Balancing work and family for a fulfilling life

Editor’s note: Students have been reading Anne Allison‘s Precarious Japan and are commenting how recent economic and social challenges in Japan are impacting their plans for their futures.

by Naho Onishi

My life plan is this: after graduation, I want to get a job that is related to traveling. I will work 2, 3 years and save money. Then I desire to get married by the time I am thirty and have a child. I will keep working after taking care of my baby.

In this plan, I worry about working when I have a child. Now, women are encouraged to take childcare leave. However, in fact, when they come back to the work place, they feel “ibashoganai“. They are often assigned to other work place and section after childcare leave. Moreover, they are not entrusted with important jobs. Even if they can return their work place, their child is very young. So, child care is very hard. If their child catch a disease, mother must absent from work, and care for child. They feel difficult to manage her work and family life.

Recently, I heard the word “paternity leave.” For mothers, the father’s help is very happy, and they can take care of their baby together. However, fathers worry about after child care leave too. Especially men, they work a lot more time than women. They think that “if I can not return to my work place, what can I do?” While they can receive child care leave, their payment is lower then their regular wage. And they think that “if I can not go to work, my co-workers will feel trouble because they must cover my work.” They are concerned about family finances and situation after they take child care leave, and they can not take leave willingly. So, the rate of men who take paternity leave is very low. If they feel “ibasho” after child care leave, this rate may become higher.

I want to feel “ibasho” in my office in the future. The time that I spend in jobs may be the longest in my life. It is about three times as long as school days. Of course, my home is my most important “ibasho“. But, work place is different from home in terms of roles. Work has responsibility as a member of society. It is important to feel this job is worth doing. And co-worker give us a good incentive to work harder. It is same with studying too. I think both family life and work are the key to a fulfilling life.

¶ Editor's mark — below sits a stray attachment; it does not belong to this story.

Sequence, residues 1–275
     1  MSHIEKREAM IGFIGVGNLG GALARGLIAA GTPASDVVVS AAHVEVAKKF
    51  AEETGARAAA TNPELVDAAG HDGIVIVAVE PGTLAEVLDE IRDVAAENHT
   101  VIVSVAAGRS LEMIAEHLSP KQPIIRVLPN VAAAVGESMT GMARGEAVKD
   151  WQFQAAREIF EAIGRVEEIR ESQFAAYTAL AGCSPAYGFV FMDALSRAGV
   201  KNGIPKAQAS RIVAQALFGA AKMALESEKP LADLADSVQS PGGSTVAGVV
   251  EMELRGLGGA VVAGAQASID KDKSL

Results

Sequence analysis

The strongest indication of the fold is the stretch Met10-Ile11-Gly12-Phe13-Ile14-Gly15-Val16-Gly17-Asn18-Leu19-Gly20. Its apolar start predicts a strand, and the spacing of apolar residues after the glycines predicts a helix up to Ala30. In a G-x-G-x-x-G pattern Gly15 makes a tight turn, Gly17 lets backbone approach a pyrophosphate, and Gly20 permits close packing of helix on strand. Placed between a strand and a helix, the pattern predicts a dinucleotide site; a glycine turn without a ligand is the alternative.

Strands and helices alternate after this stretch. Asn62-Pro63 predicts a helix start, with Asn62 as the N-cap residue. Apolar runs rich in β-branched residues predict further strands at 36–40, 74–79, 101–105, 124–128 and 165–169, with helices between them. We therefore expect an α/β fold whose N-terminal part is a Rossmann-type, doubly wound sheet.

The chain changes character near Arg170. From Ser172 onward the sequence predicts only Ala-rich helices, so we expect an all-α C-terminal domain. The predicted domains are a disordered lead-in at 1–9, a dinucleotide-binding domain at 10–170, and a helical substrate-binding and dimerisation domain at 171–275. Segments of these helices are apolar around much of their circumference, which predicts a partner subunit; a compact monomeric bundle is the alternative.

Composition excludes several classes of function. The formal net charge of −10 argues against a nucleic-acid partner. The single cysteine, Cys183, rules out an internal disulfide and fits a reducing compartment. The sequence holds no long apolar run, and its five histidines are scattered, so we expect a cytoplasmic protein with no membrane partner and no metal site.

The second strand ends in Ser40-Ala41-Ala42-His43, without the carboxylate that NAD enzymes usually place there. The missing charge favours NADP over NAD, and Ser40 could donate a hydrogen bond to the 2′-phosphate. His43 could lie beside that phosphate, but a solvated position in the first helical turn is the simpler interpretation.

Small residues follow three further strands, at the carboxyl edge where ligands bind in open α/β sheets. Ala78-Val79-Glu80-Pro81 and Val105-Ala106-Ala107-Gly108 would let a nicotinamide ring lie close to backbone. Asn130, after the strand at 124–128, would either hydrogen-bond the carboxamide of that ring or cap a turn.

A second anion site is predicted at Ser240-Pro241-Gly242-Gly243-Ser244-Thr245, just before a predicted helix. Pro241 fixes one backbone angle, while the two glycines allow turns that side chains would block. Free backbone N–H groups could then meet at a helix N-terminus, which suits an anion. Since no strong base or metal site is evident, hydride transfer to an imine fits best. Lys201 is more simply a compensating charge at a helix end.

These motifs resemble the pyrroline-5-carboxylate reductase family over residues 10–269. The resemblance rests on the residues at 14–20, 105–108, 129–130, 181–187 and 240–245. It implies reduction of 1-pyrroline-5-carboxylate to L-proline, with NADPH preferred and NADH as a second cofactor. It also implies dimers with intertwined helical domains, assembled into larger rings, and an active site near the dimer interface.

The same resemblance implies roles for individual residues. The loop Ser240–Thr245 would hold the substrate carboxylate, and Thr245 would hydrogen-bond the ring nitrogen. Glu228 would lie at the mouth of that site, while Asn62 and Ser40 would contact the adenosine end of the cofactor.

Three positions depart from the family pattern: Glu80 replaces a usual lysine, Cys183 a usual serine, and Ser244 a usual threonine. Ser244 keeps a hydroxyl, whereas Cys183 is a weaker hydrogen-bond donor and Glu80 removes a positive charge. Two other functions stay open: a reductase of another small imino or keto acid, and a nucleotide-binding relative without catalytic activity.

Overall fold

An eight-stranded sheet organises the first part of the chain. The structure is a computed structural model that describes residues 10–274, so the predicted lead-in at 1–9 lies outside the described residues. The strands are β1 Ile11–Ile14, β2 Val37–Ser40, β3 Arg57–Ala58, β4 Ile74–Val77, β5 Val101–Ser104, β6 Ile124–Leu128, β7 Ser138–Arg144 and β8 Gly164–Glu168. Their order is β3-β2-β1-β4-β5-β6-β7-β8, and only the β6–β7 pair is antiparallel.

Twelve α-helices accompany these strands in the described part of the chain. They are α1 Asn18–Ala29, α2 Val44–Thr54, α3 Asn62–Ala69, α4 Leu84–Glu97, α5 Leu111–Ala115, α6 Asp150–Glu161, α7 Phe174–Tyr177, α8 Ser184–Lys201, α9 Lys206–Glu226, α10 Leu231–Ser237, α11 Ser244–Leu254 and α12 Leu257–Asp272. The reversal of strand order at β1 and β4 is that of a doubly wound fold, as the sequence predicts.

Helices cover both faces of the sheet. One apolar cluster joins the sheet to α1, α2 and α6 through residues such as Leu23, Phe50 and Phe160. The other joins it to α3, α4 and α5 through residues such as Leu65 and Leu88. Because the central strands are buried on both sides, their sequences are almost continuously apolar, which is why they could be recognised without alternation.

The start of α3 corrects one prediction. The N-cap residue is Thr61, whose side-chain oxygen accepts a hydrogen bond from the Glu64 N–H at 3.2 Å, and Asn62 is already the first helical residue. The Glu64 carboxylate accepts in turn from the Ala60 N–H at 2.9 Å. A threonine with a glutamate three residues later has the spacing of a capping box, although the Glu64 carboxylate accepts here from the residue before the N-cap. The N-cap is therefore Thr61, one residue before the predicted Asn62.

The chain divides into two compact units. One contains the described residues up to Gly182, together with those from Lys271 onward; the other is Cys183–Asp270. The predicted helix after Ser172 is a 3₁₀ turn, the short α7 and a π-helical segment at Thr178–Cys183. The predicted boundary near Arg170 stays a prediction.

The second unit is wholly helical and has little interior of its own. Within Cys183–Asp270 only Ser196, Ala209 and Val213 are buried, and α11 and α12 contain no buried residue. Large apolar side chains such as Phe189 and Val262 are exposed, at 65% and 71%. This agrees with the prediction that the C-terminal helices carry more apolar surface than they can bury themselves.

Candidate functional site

Both the company and the public should create more comfortable society and “ibasho“. Mutual cooperation is the key to stable and peace society.

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Civil service for a secure future?

Editor’s note: Students have been reading Anne Allison‘s Precarious Japan and are commenting how recent economic and social challenges in Japan are impacting their plans for their futures.

by Michiyo Umezato

My future plan is to be a national civil servant after I graduate from the university. I have three reasons. First, I never lose my job: national servants do not have “ristora”. As Anne Allison discussed in her book, contemporary Japan is very precarious, so the most important thing on working is stability, I think. When I was a child, I wanted to have a more unstable occupation: pro golfer, pastry chef, and so on. However, as I got older, I thought I should get more stable job. Second, it is easier for women to take a maternity leave and reinstate after it. Of course, women’s reinstatement is getting usual in general company but, it is still about 20 percent. “Matahara” is very serious problem too. Third, all of my family (father, mother and two sisters) are national civil servants. So, I can know many various things about job easily.

In order to take a maternity leave, I have to marry with someone and bear a baby. I feel this is one of the most difficult events in my life. As I mentioned above, stability is very important. So, I am going to marry a man of a national civil servant like my parents and want two children.

After I retire the job, I want to immigrate to the place which is very tranquil: New Zealand, Hawaii, New Caledonia and so on. This is because if Japan does not change a lot, this country would be still unkind to elderly people. Maybe I will not live so long. I want to die around seventy.

Next, I think “ibasho” is the place I can relax and speak my mind. Especially we Japanese put a high value on “honne to tatemae”. So, to speak our minds means we trust you. When we are with people we trust: family, best friends and so on, we can relax. I feel “ba” and “ibasho” are mixed. For example, in the class room, if I sit down alone, there is “ba” but, if I sit down with my friend, there is “ibasho”. They are being inseparable. Also, these ideas relate to some Japanese social problems. People who cannot make “ibasho” in society become hikikomori or get kodokushi (dying alone). Also, I think these problems are caused by smartphone and internet. They bring us fictitious ibasho: friends or community on the internet. It is not real ibasho. This hallucination is cause of them. We should think about how to use them more.